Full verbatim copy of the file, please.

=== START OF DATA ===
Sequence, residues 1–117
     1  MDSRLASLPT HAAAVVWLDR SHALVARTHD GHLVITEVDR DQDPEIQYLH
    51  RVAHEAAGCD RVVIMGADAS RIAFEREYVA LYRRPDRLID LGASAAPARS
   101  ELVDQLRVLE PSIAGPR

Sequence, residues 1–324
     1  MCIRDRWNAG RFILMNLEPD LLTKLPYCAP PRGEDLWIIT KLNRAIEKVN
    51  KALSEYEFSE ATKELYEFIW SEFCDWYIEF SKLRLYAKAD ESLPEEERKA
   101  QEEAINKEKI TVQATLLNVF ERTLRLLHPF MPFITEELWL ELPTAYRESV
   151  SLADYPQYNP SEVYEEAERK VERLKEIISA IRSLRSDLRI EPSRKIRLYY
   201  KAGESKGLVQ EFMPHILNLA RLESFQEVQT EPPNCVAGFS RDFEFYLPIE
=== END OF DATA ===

Sequence, residues 1–117
     1  MDSRLASLPT HAAAVVWLDR SHALVARTHD GHLVITEVDR DQDPEIQYLH
    51  RVAHEAAGCD RVVIMGADAS RIAFEREYVA LYRRPDRLID LGASAAPARS
   101  ELVDQLRVLE PSIAGPR

Sequence, residues 1–324
     1  MCIRDRWNAG RFILMNLEPD LLTKLPYCAP PRGEDLWIIT KLNRAIEKVN
    51  KALSEYEFSE ATKELYEFIW SEFCDWYIEF SKLRLYAKAD ESLPEEERKA
   101  QEEAINKEKI TVQATLLNVF ERTLRLLHPF MPFITEELWL ELPTAYRESV
   151  SLADYPQYNP SEVYEEAERK VERLKEIISA IRSLRSDLRI EPSRKIRLYY
   201  KAGESKGLVQ EFMPHILNLA RLESFQEVQT EPPNCVAGFS RDFEFYLPIE